Meet Pete. This former engineer, retired at age 30, now lives with his wife and son in small town Colorado on a budget of around US$24,000 (approx. $31,500 AUD) a year. Yet they all still indulge in hobbies (including snowboarding), holidays, organic food, fine cheese and chocolate, and more.ͥ
Certainly more than is enjoyed by Illona, dubbed ‘Britain’s Most Frugal Pensioner’, who lives on just £2,400 ($4,100 AUD) a year by keeping the cost of all her meals under £1 ($1.80 AUD) each, wearing extra clothes instead of turning on the heating, and cutting her own hair.ͥ ͥ
Closer to home, there’s Jasmine and Aaron Boothey, who live on around $30,000 AUD. The Bootheys save two thirds ($60,000 AUD) of their household income simply by never replacing anything that isn’t broken, waiting for big sales and never borrowing (apart from their mortgage).ͥ ͥ ͥ
It’s not just quirky characters who are known for their frugal habits. Some of the world’s richest and most successful people live far below their means. IKEA founder Ingvar Kamprad still drives the same old Volvo he’s had for decades, and sometimes even catches the bus. Warren Buffett has just the one house – the same Nebraska abode he bought in the late ‘50s.
What does this mean?
The fact that these people – both the ordinary Joes and the billionaires – are deriving publicity and popularity from their frugality really says something about the way our society has changed.
Between the Wars, frugality was a simple fact of life for most people. Incomes were low, and luxuries were in very short supply. Anyone with a parent or grandparent who lived through the Great Depression knows the stories. Then after World War 2, economic recovery saw spending escalate and luxury become less of a dirty word. Think Dior’s New Look, the first supercars in the ‘50s, and the development of luxury shopping precincts. As recently as ten or fifteen years ago, thriftiness was something to be kept hidden – certainly not something to brag about to your friends.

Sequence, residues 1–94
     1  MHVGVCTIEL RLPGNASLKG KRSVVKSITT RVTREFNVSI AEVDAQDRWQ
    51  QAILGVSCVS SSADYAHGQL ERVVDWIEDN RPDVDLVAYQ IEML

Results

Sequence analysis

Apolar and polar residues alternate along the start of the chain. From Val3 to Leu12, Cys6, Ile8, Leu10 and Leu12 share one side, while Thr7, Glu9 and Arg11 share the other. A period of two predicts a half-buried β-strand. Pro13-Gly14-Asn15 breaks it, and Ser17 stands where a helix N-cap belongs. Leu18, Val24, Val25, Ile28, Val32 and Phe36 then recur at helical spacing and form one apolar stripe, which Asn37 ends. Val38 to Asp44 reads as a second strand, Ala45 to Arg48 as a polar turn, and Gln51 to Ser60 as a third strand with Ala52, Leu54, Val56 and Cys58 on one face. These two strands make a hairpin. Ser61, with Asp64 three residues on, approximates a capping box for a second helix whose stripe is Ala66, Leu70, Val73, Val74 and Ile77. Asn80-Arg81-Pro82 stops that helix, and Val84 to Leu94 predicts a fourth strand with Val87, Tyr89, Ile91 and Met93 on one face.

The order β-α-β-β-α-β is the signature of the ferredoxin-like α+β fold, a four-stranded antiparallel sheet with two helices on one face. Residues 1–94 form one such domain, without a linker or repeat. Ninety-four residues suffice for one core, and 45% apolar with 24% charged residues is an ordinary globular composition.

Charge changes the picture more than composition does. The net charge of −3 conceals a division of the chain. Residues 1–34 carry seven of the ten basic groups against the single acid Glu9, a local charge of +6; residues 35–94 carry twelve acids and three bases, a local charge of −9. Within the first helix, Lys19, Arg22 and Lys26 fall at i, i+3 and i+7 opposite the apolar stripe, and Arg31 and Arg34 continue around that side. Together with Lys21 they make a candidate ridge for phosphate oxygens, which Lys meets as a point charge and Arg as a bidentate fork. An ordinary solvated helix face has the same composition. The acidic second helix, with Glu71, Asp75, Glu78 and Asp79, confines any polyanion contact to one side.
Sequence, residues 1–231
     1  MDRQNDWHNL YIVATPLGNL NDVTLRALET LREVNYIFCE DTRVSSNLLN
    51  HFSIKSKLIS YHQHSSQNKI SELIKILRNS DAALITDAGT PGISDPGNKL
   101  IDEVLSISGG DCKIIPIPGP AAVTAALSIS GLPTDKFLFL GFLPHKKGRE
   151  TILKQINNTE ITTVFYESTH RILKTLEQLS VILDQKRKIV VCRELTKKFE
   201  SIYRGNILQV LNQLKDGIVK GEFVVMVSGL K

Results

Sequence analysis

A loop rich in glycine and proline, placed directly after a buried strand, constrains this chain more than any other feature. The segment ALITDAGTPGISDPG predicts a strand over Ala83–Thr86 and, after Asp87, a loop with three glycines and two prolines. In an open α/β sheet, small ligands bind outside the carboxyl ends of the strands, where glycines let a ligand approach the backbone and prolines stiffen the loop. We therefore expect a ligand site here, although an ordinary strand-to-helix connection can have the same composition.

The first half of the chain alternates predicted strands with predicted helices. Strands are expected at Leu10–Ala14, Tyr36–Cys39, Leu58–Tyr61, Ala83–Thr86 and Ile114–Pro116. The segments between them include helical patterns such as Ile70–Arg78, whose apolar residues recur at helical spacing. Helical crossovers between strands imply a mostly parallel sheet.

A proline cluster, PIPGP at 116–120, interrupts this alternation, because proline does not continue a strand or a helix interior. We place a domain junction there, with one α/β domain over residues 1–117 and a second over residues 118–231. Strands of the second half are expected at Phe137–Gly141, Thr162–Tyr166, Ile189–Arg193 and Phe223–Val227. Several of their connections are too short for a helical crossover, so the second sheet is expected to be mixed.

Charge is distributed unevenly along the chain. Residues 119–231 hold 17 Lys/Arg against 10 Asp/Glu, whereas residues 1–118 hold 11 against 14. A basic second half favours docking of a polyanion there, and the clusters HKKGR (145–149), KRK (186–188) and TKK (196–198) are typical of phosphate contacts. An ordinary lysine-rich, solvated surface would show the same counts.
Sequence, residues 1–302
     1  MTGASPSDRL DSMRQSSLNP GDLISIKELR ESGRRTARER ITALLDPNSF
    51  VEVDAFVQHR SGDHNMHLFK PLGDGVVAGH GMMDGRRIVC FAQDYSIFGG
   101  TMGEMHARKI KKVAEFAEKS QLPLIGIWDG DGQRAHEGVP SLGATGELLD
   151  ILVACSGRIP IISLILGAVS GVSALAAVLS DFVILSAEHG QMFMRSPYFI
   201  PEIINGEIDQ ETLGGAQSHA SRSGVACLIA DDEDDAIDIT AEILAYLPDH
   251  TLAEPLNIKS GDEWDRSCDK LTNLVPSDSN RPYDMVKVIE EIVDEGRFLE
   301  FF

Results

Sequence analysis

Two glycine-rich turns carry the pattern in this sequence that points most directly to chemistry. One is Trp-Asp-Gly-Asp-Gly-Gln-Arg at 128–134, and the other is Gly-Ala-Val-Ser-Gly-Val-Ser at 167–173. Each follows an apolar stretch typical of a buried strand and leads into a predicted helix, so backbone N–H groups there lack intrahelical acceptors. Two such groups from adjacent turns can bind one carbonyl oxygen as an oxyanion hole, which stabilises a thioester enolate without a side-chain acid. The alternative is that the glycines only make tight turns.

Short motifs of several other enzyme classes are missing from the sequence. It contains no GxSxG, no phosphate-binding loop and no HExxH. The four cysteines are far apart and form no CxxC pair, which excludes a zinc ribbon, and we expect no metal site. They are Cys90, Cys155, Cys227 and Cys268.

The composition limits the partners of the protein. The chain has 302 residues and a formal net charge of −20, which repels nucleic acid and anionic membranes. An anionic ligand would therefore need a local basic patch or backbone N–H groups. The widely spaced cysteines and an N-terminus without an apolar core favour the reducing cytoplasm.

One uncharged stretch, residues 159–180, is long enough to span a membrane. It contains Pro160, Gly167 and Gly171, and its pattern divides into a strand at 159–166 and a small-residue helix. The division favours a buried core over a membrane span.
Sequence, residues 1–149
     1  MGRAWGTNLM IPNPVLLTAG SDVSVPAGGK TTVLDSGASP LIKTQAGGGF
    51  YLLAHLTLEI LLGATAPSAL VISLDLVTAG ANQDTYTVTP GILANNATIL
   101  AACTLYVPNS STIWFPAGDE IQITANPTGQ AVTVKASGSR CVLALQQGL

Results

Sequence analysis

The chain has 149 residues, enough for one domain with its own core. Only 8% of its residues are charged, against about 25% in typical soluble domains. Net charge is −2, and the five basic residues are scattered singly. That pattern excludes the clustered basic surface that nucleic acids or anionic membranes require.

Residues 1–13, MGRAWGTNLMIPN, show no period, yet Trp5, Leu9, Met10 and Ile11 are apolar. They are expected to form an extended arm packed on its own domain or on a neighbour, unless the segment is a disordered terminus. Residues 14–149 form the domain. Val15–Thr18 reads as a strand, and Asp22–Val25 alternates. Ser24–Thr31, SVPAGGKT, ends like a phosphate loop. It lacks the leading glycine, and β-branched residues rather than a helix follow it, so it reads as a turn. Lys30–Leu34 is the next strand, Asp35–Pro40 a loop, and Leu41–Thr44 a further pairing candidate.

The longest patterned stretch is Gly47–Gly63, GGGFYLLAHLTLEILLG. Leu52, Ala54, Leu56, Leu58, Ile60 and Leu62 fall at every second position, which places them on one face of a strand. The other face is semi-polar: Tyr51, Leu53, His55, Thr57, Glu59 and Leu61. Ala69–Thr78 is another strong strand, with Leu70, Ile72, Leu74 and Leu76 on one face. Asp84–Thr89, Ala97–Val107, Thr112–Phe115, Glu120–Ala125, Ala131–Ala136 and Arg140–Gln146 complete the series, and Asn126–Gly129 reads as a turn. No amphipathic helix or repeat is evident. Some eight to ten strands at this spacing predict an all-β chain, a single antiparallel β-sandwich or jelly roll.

Since the global financial crisis, we’ve once again been forced to examine our relationship with saving and spending. Those who didn’t suffer a pay cut, lose investment wealth (or their jobs), had friends, family and community members who did. But many Aussies didn’t want to give up on things like owning a family home or going on holidays. So they found ways to pinch pennies in one area and spend in others. And thanks to the rise of social media and blogging – see Jasmine and Pete above – they spread their discoveries far and wide.
Getting back to basics with budgeting
Not ready to compete for cheapskate of the year? You don’t have to go to extremes to increase your savings. It’s also important to remember that in the end, scrimping and saving is always more satisfying when it’s in pursuit of a goal.
Here are a few basics to get you started on trimming back your budget:
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